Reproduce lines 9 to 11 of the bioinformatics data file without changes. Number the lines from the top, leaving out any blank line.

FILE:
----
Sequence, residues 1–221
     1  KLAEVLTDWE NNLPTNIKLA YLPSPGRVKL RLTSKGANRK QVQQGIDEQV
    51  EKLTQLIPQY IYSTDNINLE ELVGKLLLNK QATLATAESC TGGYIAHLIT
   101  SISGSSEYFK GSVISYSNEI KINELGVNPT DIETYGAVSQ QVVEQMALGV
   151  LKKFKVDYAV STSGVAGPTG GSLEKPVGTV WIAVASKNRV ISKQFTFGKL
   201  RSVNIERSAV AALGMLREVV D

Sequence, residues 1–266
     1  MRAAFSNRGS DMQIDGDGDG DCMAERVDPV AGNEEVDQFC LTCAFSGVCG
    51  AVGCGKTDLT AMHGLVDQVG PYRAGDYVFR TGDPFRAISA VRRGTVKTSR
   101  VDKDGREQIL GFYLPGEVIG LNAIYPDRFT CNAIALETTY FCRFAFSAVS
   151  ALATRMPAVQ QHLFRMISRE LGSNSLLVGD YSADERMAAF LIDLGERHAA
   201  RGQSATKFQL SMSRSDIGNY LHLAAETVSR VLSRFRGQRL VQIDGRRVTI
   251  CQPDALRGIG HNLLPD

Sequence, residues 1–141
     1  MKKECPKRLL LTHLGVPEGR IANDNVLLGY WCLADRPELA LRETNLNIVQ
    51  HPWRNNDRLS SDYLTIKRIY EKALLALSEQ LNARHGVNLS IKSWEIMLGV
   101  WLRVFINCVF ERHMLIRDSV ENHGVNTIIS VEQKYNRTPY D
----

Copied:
    51  AVGCGKTDLT AMHGLVDQVG PYRAGDYVFR TGDPFRAISA VRRGTVKTSR
   101  VDKDGREQIL GFYLPGEVIG LNAIYPDRFT CNAIALETTY FCRFAFSAVS
   151  ALATRMPAVQ QHLFRMISRE LGSNSLLVGD YSADERMAAF LIDLGERHAA